A 23-year-old Hispanic male was evaluated in the hospital for severe, intractable right flank and lower quadrant pain. He had been hospitalized 8 months earlier, and had been seen in the emergency room on 5 occasions for the same complaint. Each time he was sent home on several analgesics after a thorough workup proved to be negative.  

    On initial physical examination, there were no GI findings. There were abdominal scars indicative of 2 previous laparotomies, which were reported to be negative for intra-abdominal pathology. The patient initially indicated that he had no history of trauma, but upon further careful questioning he revealed that prior to all of the previous incidents—including this hospital admission—he had undergone some trauma to his chest wall. This information had been withheld since there was involvement of gang activity. He was an orderly in the hospital, and was concerned about losing his employment.

    On this hospital admission, further evaluation revealed a healthy but somewhat pale man with acute right upper quadrant pain. Cardiac and pulmonary examinations were negative. Electrocardiogram and chest x-ray did not reveal pathology, but careful physical examination revealed bruises over the center of the sternum and on his face. There was tenderness to deep palpation of the right upper quadrant, with some radiation to the right lower quadrant. There was no rebound but some right flank costovertebral angle tenderness. Bowel sounds were active and the abdominal scars were well healed and nontender.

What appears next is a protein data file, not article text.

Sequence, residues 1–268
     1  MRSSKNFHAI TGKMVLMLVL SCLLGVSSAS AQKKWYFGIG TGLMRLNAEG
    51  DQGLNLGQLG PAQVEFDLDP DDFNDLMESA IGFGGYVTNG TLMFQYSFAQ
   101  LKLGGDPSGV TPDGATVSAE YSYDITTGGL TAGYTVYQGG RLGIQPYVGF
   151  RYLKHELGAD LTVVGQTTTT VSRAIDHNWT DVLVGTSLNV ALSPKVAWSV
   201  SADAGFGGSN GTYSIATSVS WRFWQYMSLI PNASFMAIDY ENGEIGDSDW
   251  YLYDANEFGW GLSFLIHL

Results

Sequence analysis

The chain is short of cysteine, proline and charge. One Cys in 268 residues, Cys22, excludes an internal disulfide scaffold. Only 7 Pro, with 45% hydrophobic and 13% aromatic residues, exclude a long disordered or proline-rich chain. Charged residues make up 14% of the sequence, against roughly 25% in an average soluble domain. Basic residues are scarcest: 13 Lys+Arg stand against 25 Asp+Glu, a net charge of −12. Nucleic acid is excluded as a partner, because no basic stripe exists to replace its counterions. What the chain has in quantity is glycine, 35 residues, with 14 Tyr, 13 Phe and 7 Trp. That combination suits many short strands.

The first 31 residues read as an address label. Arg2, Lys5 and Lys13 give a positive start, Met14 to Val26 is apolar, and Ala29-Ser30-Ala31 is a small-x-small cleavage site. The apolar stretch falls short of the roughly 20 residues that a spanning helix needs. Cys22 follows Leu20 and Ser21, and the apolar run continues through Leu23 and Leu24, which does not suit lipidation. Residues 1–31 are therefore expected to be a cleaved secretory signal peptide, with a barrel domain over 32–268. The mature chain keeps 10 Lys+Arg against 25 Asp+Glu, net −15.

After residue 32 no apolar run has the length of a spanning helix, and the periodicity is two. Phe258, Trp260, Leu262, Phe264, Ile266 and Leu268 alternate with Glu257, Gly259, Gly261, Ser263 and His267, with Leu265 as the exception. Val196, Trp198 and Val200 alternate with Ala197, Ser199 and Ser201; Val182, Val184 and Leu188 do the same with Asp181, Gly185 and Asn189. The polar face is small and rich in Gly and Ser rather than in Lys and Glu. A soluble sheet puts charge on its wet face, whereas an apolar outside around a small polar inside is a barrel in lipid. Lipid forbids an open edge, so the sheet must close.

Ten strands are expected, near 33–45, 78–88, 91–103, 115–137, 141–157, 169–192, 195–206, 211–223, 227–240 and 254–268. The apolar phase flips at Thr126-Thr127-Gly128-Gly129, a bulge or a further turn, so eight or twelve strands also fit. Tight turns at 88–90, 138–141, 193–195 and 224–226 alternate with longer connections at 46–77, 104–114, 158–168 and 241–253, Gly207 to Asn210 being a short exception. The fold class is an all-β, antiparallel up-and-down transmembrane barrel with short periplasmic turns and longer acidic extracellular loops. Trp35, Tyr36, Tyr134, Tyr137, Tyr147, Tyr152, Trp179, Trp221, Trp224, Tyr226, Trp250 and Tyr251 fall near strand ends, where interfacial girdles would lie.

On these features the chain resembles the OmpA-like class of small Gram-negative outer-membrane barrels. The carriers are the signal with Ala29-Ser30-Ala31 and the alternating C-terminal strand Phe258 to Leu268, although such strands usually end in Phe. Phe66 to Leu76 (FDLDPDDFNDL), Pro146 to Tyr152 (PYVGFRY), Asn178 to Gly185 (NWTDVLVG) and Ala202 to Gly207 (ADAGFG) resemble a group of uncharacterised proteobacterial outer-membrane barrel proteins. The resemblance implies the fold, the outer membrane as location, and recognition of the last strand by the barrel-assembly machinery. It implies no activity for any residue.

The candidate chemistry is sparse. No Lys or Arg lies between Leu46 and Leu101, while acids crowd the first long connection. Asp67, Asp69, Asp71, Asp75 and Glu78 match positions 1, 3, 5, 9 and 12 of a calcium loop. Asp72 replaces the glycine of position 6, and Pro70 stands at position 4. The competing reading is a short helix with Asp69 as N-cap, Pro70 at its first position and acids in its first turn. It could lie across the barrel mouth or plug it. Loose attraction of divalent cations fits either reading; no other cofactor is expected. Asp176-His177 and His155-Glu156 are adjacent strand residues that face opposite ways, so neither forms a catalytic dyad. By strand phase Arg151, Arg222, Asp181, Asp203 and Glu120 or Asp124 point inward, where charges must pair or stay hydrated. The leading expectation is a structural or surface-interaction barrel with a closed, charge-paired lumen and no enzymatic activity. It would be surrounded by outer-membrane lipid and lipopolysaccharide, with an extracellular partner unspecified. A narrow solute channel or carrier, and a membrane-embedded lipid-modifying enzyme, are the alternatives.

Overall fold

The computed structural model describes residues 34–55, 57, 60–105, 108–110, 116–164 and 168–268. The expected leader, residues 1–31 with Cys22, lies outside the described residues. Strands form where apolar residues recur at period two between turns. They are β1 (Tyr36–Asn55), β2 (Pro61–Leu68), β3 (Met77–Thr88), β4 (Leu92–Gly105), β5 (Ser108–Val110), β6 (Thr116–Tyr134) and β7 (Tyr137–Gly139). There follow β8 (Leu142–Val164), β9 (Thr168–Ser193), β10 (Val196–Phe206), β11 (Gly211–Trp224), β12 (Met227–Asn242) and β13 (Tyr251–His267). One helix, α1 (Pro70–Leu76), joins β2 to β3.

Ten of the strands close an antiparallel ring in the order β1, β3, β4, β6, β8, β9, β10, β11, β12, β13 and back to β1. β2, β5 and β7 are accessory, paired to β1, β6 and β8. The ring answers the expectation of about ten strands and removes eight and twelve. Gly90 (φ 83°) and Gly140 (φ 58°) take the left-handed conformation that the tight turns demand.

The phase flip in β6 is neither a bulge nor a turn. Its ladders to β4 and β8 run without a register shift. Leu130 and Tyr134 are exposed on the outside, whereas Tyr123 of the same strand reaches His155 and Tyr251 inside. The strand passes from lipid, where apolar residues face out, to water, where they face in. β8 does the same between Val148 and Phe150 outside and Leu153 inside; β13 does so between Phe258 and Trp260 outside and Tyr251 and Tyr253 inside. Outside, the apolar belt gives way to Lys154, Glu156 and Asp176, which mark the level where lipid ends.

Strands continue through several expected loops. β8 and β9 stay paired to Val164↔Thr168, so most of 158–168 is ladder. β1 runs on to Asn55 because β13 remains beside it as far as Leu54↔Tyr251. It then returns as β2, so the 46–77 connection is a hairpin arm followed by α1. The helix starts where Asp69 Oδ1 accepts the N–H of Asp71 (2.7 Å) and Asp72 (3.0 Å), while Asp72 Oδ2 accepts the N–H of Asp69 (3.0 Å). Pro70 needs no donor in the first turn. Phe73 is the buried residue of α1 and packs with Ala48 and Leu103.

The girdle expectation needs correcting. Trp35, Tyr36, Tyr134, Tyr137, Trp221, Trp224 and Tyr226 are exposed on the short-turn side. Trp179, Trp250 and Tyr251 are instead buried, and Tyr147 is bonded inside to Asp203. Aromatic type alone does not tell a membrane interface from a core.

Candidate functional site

Right subcostal displacement using the hooking maneuver (Figures 3 and 4) produced severe right upper quadrant pain. A diagnostic blockade of the eighth, ninth, and tenth intercostal nerves was performed at the level of the xiphoid process at the anterior axillary line. This completely relieved the pain, which then could not be reproduced by the subcostal hooking maneuver. Following this, 0.5% bupivacaine 10 mL containing 40 mg of triamcinolone was infiltrated along the subcostal margin. The pain was totally relieved and had not reoccurred. He was subsequently instructed to avoid any further altercations.

    Figure 3. Costal margin hooking recreates the abdominal pain.

    Figure 4. Costal margin hooking recreates the abdominal pain.

    Third Case Example

    An obese 41-year-old woman was referred to our clinic with a complaint of recurrent right upper quadrant pain, which had been present for several months. The most recent episode occurred approximately 1 month prior to the examination. The workup by a gastroenterologist was found to be negative for intra-abdominal pathology. Large doses of propoxyphene (Darvon) were being used for pain relief (prior to the manufacturer’s removal of the drug from the market based on FDA recommendations). She had been beaten by her husband prior to being seen, but she was unable to delineate the exact areas of trauma.